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Hello people!
I've been working on this problem, but I can't find how differentials of V on the left side of the equation appear.
***
Show, by expansion of the surface integral, that (see attached image).
Hint: choose the volume to be a differential volume, dx dy dz .
***
Here d(sigma) is a vector surface element, V is a vector field, and d(tau) is a infinitesimal volume element.
Well, from the right side of the equation is clear that derivatives of V will appear, but I can't do the same on the left side, where I only get components of the vector field multiplied by infinitesimal ar
 one year ago
 one year ago
Hello people! I've been working on this problem, but I can't find how differentials of V on the left side of the equation appear. *** Show, by expansion of the surface integral, that (see attached image). Hint: choose the volume to be a differential volume, dx dy dz . *** Here d(sigma) is a vector surface element, V is a vector field, and d(tau) is a infinitesimal volume element. Well, from the right side of the equation is clear that derivatives of V will appear, but I can't do the same on the left side, where I only get components of the vector field multiplied by infinitesimal ar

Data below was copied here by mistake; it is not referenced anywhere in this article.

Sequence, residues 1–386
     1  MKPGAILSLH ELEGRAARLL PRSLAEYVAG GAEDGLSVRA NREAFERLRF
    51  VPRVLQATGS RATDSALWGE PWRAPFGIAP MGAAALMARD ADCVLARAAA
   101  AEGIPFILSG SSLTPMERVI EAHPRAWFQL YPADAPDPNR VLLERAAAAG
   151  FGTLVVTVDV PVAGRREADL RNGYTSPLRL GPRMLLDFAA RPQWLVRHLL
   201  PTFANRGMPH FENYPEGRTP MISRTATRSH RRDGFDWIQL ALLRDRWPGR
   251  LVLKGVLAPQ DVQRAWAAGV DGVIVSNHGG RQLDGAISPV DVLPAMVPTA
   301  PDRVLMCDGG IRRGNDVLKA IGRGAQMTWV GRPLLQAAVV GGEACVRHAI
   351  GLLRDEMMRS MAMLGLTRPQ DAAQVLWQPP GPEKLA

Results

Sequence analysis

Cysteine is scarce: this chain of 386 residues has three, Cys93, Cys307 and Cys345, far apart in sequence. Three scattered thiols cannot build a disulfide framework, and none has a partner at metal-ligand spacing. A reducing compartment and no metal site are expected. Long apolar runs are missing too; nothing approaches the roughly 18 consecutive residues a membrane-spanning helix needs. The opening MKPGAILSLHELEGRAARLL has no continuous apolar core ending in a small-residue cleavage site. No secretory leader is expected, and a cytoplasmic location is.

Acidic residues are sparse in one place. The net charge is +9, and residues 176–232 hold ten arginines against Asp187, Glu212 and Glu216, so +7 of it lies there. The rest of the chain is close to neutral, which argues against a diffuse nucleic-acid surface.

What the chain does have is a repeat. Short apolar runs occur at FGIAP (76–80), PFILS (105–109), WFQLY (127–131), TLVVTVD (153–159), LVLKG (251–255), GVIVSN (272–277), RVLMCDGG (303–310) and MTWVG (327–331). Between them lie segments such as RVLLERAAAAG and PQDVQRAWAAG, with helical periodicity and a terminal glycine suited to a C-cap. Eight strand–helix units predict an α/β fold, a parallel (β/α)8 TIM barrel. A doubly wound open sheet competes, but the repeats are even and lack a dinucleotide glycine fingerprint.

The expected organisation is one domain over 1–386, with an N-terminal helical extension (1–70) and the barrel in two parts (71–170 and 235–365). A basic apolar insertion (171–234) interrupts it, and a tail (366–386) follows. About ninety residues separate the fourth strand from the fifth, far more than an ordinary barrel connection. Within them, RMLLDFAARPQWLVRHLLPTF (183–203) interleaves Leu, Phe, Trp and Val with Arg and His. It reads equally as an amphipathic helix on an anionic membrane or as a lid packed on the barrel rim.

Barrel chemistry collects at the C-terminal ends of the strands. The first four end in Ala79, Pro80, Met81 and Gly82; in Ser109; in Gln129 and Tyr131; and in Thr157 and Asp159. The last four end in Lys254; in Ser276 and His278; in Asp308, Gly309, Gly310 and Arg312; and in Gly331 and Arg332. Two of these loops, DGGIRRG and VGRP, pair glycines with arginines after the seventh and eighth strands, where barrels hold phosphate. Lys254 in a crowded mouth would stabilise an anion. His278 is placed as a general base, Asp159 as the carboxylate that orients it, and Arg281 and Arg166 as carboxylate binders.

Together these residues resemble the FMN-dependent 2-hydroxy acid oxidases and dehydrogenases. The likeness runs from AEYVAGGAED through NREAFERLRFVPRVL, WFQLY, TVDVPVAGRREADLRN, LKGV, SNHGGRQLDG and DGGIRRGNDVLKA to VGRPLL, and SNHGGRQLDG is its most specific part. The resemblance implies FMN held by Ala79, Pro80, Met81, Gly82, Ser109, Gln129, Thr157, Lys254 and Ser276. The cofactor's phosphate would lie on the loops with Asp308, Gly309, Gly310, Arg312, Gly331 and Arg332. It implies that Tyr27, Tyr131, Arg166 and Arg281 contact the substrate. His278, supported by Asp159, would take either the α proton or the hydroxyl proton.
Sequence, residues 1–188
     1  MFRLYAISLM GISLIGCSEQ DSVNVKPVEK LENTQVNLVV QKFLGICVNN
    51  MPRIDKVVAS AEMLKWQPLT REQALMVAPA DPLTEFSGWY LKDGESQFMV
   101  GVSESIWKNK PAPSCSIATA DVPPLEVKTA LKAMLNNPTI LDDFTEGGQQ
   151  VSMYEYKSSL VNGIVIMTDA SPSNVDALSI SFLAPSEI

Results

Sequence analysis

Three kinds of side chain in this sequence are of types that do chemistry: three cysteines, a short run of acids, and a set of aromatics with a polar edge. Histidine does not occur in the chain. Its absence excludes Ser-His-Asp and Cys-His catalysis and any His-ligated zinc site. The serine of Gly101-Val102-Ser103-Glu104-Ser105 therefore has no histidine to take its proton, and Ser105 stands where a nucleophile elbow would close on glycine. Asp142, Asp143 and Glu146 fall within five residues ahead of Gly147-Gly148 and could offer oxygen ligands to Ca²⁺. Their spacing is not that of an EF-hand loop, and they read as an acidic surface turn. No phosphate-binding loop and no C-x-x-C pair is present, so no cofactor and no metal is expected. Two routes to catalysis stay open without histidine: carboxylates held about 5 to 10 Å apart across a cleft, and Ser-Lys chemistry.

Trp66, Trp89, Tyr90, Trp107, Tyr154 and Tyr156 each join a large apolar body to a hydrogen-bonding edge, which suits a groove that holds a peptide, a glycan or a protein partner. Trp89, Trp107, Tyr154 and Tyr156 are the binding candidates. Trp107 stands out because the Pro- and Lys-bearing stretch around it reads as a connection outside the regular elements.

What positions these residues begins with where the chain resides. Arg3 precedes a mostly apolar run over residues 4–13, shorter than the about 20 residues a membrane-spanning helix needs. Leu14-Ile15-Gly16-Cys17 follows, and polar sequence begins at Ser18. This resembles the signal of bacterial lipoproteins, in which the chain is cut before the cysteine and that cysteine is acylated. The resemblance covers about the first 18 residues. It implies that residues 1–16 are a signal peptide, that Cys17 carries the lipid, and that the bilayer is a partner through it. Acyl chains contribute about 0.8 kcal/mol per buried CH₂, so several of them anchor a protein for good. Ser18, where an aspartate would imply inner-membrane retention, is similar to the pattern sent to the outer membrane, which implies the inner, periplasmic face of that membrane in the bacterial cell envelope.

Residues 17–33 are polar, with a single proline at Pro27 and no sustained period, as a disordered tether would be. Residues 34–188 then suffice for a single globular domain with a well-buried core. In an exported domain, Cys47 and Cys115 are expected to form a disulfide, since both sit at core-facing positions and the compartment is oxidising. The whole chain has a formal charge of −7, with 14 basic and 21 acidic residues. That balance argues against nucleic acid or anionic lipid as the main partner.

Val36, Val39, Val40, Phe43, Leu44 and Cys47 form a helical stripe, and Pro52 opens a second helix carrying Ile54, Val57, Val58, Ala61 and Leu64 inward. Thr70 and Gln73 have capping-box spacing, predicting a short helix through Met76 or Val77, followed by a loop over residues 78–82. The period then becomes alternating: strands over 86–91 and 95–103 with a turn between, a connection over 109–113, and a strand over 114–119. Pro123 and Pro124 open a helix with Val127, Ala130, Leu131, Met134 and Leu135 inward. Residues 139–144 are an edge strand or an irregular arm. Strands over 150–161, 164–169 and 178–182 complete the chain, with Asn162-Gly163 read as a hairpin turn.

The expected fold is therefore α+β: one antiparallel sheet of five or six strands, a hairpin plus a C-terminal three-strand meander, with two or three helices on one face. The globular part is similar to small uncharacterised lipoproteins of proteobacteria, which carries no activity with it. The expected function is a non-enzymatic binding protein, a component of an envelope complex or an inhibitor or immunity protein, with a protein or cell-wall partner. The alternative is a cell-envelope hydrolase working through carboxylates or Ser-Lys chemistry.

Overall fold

one year ago
 one year ago

This Question is Closed

gerryliyanaBest ResponseYou've already chosen the best response.0
look at the number 1.10.6
 one year ago
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